Where Will the Cash Come From?

Reprinted from Greater Los Angeles Leadership Exchange
August/September 2011

The financial health of any law firm ultimately depends on cash management. Too many firms operate like small businesses on a cash-in-hand basis, with insufficient reserves to weather a crisis. They typically draw down their capital every year based on tax advice to reduce cash before December 31. However, this leaves them little or no reserves to meet emergencies or contingencies or to make capital improvements and expand the firm. Such thinking is no longer feasible (if it ever was) in today’s tight credit markets. So this raises the question that often confronts financial administrators: what are the best strategies to raise cash? There are four traditional answers, and one that appears to be emerging.

Capital Call

The traditional method of capital infusion for firms is a capital call from their partners. This is not as good a strategy as it used to be. Partners who are themselves financially thin may have to ask the bank for help in order to satisfy the capital call, and in return may need to get a second mortgage, pledge other assets as additional collateral or even get guarantors. Seen in this light, a partnership requirement to contribute more to the firm can be a call to action, for partners to make the firm better at its use of capital.

Credit Line

Law firms do have credit lines on which the firm borrows and repays at will up to the limit, but usually at least once per year. Banks are much more reluctant than they were before the recession to give credit to any commercial customer. Moreover, credit line terms can fluctuate substantially, however the bank dictates. Banks often set formal credit line amounts, such as three times monthly expenses. The bank also usually prefers that the law firm borrower be out of debt for at least 30 to 90 days each year. The firm may be able to borrow and repay at will up to the amount of the credit line. However, the line of credit is reviewed regularly by the bank and extended, cut or terminated as circumstances warrant. In short, a line of credit is not a strong alternative.

Bank Loan

A term loan, which can be for as long as seven to ten years for a large law firm, three to five for a smaller one. In a revolving line of credit, the firm might obtain a designated sum which is converted to a term loan, repayable over a period of from two to five years. And there are specialized loan transactions such as an equipment term loan, in which the amount provided to purchase new equipment will normally be no longer than the depreciable life of a law firm’s equipment, usually three to five years. To get any kind of loan, firms must demonstrate the strength of their financial controls and business model, and have a high credit score in hand.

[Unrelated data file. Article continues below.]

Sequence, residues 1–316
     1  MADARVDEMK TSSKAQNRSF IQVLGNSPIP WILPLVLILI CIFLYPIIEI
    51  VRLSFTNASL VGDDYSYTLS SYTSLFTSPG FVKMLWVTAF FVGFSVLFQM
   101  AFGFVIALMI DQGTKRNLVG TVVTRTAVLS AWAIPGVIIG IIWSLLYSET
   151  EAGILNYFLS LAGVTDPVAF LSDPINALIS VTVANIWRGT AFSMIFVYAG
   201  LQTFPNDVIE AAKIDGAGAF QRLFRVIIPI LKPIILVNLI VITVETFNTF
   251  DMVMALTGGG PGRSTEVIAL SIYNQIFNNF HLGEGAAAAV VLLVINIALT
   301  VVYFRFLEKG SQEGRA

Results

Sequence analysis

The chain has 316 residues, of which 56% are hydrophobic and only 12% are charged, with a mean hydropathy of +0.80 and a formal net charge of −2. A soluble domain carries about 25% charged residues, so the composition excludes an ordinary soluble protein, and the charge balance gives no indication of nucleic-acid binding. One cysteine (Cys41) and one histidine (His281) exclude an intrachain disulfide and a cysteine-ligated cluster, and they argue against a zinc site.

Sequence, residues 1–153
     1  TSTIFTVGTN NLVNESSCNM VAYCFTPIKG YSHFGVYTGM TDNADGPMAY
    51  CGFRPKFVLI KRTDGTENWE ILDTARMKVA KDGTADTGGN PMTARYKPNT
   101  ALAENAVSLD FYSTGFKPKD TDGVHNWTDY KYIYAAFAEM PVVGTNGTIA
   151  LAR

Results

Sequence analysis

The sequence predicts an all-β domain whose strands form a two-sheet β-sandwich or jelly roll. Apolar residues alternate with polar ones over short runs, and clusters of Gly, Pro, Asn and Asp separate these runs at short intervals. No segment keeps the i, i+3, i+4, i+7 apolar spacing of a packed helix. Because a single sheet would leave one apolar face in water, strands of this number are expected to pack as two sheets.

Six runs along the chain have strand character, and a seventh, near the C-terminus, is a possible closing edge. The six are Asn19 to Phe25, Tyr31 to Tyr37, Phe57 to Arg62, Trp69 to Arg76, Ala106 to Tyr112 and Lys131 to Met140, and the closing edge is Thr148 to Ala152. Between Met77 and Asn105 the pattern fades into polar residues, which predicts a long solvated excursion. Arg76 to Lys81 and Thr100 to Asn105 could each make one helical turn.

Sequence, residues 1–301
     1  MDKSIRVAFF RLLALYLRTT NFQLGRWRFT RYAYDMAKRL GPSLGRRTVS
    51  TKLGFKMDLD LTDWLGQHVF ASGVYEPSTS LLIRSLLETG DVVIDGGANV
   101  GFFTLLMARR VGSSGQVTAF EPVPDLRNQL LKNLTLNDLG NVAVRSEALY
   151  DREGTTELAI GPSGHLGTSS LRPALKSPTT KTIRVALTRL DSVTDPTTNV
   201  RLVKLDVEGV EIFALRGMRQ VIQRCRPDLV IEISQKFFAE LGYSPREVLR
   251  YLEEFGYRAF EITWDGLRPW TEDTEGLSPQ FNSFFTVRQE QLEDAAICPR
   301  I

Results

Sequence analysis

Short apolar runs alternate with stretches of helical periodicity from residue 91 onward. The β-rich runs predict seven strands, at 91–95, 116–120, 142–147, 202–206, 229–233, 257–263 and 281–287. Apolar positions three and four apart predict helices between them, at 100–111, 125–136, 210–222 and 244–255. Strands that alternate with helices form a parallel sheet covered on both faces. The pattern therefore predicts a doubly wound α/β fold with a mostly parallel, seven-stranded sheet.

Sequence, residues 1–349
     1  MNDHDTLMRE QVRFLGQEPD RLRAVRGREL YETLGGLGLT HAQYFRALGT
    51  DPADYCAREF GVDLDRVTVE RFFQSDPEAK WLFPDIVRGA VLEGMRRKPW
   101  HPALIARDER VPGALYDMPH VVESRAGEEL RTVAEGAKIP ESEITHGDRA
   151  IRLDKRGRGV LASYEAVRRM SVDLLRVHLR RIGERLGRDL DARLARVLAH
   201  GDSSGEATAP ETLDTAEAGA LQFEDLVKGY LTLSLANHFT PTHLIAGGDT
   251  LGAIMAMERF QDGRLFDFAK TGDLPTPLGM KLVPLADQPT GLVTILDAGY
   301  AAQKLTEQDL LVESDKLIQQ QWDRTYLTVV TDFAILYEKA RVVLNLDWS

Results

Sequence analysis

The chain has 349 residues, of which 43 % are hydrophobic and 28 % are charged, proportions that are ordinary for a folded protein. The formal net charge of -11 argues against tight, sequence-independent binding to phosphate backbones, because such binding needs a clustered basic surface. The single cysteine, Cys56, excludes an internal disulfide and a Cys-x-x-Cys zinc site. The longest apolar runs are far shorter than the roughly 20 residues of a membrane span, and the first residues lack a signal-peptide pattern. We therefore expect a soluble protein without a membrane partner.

It cannot be emphasized too strongly that the best way for law firms to raise capital is to promptly collect the billings due to them. That means firms should not be banks that carry their client’s expenses, and should not offer discounts on fees that have been agreed upon. Stipulating rates and terms of payment in the engagement agreement is the best way to get paid. This is particularly true when the client accepts a budget and understands what to expect, which increases the chances of collecting the fee significantly.


Model Rule 5.4 prohibits firms from selling equity shares to non-lawyers by stating that lawyers and non-lawyer shall not share fees, meaning that firms could have no investors other than the partners. However this has already changed in Australia and England, and is starting to change in the U.S. North Carolina considered a bill to allow 49% non-lawyer ownership in firms, while the District of Columbia permits non-lawyers to own 25% interest in a law firm. This raises potential client confidentiality and public disclosure concerns, but not enough perhaps to overcome the desire of large firms to grow as big as their corporate clients. This issue could cause the breakup of the mandatory (integrated) bar association into state licensing agencies for large firms (just as corporations are licensed now) and voluntary bar associations serving the economic interests of sole and small firm practitioners – another potential complication in the administrator’s life.

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